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Protecting a Loan Cosigner in Bankruptcy


People with poor or no credit often need someone else to cosign on a loan. Legally, this means the cosigner is responsible for paying any debt that is unpaid. If your mother cosigns your car loan, she’s on the hook should you default on payments.

Many of our clients have cosigners on loans and worry about how declaring for bankruptcy will affect them. This is a reasonable concern. After all, many cosigners are family members, and you don’t want to impair your relationship if you leave them high and dry with the debt. Our South Florida bankruptcy attorneys delve deeper into this issue.

Reaffirm a Debt in Chapter 7

A Chapter 7 discharge can wipe out our client’s obligation to repay a debt. However, that discharge does not affect the cosigner, who remains legally obligated unless he, too, applies for bankruptcy protection. This means the cosigner can be sued if he or she does not pay what is owed. That’s the risk of cosigning on a loan.

However, a debtor can reaffirm some debts in bankruptcy. For example, if you have a car loan, you can keep your car if you reaffirm the debt. The reaffirmed debt survives the bankruptcy, and no action will be taken against the cosigner. Discuss whether to reaffirm a debt with your Plantation bankruptcy lawyer.

What happens if the debtor doesn’t reaffirm? In that case, the creditor can come after the cosigner for whatever is unpaid. This is true even if the court discharges the primary debtor’s obligation on the debt. At that point, however, your finances might have improved so that you can repay the debt, saving your cosigner.

Pay Off a Debt in Chapter 13

Another option is to file for Chapter 13 protection. With this option, a debtor will repay certain debts using disposable income over the course of three to five years. Only at the completion of the repayment plan does the court discharge unpaid debts.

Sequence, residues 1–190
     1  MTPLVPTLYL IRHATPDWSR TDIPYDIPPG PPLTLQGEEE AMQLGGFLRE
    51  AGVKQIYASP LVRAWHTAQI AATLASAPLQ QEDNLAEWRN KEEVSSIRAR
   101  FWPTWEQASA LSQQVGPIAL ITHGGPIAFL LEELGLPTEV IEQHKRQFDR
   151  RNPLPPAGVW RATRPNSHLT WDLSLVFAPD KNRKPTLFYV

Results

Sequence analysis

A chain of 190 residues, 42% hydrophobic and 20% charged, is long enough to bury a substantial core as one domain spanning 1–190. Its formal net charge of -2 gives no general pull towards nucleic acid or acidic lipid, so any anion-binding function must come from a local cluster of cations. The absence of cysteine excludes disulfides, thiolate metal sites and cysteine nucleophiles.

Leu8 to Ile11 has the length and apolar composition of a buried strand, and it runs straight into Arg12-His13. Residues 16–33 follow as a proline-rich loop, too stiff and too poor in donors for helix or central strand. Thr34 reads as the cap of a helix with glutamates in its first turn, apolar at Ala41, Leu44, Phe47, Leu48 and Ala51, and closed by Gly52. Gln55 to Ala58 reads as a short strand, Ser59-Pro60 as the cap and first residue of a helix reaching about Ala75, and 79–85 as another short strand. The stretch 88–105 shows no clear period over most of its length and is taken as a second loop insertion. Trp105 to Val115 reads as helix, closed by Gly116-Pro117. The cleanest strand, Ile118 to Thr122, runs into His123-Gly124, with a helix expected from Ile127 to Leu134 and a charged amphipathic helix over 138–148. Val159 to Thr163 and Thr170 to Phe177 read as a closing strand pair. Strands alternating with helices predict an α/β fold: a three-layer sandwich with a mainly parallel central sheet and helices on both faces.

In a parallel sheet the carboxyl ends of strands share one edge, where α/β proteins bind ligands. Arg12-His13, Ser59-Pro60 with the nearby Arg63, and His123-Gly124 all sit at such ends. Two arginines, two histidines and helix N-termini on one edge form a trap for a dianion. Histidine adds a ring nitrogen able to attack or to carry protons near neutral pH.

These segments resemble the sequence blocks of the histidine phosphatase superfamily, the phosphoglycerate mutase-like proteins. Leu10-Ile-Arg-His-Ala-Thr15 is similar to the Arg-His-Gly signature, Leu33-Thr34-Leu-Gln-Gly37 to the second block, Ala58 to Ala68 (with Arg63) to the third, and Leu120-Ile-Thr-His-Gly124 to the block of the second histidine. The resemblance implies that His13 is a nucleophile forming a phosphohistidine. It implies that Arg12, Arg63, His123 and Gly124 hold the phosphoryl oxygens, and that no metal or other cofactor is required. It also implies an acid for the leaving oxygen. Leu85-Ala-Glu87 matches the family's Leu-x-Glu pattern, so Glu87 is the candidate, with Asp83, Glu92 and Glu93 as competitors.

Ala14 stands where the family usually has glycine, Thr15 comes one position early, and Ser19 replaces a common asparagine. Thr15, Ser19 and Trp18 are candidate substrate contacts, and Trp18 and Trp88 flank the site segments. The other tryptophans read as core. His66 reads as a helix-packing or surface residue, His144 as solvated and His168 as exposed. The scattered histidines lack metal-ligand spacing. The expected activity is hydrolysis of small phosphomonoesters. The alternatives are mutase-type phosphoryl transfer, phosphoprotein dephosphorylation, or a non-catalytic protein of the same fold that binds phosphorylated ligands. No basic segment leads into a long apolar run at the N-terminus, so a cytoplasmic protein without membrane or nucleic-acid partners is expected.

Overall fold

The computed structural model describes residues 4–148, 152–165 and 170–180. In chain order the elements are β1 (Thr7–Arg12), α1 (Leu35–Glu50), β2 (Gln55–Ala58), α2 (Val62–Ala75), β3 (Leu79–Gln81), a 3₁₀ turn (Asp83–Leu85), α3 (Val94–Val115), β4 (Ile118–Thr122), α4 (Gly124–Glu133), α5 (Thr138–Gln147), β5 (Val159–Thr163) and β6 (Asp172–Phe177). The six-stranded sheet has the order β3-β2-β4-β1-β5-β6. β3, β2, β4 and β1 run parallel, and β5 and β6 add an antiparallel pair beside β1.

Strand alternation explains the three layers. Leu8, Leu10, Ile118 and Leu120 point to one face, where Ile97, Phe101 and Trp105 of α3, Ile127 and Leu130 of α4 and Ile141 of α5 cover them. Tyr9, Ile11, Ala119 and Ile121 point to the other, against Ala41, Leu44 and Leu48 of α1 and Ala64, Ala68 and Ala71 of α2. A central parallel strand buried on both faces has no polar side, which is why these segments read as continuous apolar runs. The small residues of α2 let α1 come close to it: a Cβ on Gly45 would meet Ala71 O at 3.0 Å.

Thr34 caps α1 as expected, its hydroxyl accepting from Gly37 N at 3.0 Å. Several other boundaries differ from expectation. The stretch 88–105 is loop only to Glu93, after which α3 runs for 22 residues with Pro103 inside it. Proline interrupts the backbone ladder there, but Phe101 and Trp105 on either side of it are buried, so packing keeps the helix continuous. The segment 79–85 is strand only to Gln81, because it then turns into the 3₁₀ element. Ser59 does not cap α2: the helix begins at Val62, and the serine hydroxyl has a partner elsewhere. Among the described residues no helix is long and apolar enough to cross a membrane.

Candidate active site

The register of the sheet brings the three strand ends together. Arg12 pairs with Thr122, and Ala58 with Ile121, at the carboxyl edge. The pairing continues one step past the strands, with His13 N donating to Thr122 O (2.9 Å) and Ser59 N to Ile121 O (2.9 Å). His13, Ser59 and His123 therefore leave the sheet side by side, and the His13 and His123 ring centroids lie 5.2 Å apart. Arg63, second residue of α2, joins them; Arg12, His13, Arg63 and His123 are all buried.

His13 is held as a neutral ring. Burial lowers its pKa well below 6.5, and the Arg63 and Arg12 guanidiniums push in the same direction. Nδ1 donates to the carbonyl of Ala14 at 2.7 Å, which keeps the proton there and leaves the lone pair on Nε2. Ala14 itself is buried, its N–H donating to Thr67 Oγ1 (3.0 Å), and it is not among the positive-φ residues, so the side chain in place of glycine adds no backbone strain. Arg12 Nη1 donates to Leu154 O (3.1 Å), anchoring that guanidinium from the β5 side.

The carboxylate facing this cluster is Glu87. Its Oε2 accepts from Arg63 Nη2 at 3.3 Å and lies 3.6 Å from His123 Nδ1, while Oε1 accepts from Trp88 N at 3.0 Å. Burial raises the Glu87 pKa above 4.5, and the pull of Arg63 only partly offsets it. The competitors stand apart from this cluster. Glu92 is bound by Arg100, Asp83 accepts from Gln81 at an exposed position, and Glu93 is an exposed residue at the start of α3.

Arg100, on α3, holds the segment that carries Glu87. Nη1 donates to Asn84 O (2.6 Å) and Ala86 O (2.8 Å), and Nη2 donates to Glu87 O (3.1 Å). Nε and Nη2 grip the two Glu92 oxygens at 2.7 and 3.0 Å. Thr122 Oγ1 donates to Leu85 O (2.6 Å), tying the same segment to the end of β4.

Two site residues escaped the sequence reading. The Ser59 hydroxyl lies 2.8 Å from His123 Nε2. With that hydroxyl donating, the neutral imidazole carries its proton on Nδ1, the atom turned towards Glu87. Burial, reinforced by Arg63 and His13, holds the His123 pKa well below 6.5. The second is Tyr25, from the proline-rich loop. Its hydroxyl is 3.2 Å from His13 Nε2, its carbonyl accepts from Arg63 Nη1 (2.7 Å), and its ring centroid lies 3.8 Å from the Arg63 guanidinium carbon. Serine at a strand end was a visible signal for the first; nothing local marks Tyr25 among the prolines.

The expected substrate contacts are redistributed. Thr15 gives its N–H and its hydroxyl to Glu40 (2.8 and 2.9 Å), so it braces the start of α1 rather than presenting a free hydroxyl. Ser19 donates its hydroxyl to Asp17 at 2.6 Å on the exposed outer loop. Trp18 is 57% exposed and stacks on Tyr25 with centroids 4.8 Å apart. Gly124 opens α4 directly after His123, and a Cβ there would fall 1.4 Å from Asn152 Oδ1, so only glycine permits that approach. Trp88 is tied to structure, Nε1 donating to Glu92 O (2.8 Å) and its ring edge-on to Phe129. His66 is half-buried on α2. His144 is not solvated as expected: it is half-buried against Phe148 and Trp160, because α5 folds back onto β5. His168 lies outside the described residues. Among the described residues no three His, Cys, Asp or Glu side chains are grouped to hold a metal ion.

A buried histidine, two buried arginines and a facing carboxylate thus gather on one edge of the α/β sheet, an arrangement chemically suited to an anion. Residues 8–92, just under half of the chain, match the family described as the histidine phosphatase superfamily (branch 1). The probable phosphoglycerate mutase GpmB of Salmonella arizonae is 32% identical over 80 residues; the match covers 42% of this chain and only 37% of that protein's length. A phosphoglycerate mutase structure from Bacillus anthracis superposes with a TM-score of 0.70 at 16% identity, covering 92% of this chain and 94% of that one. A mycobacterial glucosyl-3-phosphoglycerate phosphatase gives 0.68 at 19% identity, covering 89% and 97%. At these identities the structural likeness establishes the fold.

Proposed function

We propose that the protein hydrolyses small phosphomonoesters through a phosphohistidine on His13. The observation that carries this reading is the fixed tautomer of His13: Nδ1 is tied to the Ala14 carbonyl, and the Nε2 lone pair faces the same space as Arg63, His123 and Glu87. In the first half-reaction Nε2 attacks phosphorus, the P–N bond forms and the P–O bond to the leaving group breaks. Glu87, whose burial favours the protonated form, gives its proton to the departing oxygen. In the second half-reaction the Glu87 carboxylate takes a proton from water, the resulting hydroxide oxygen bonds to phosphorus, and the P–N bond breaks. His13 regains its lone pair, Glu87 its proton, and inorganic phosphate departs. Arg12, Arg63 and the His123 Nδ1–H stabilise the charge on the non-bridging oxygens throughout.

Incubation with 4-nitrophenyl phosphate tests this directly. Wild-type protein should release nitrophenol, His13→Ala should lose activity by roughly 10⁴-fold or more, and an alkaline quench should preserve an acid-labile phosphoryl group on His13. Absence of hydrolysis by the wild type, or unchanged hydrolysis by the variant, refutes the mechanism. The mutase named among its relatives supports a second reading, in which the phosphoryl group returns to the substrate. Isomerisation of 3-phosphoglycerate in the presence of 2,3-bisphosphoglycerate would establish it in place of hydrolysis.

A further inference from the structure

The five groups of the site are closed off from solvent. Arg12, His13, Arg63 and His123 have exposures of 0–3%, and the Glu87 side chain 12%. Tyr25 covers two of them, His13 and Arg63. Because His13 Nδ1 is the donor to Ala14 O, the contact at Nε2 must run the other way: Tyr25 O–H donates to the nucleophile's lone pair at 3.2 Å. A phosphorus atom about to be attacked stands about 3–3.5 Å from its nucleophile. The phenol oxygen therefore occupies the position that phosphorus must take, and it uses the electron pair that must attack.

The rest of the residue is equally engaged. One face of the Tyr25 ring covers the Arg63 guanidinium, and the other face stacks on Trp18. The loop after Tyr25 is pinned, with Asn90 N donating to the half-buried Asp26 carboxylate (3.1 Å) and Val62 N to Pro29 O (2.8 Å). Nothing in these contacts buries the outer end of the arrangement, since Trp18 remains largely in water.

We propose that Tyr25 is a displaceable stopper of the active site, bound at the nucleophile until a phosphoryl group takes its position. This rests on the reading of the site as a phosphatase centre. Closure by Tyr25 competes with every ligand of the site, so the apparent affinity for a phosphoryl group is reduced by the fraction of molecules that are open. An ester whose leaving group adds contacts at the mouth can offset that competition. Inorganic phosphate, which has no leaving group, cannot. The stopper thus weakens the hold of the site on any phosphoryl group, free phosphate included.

A cosigner can garner the protection of the automatic stay, which is in place for as long as the debtor follows the repayment plan. In some cases, the stay is in place for up to 5 years, so your cosigner will not face any collection action for a long time. However, as a debtor, you need to stick to your plan. If you stop making payments, your creditors can ask the judge to dismiss your case and you lose bankruptcy protections.

To fully protect a cosigner, the repayment plan needs to have provisions for paying the debt in full. If not, then the creditor will probably ask the court to lift the stay so they can take immediate collection action.

Contact Nowack & Olson to Learn More

The presence of cosigners presents some unique wrinkles regarding whether to file for bankruptcy. At our firm, our Plantation bankruptcy attorneys help our clients think through all the consequences of filing, including how bankruptcy will affect their loved ones. Please contact us at Nowack & Olson, PLLC today to schedule a free consultation by calling 888-813-4737.

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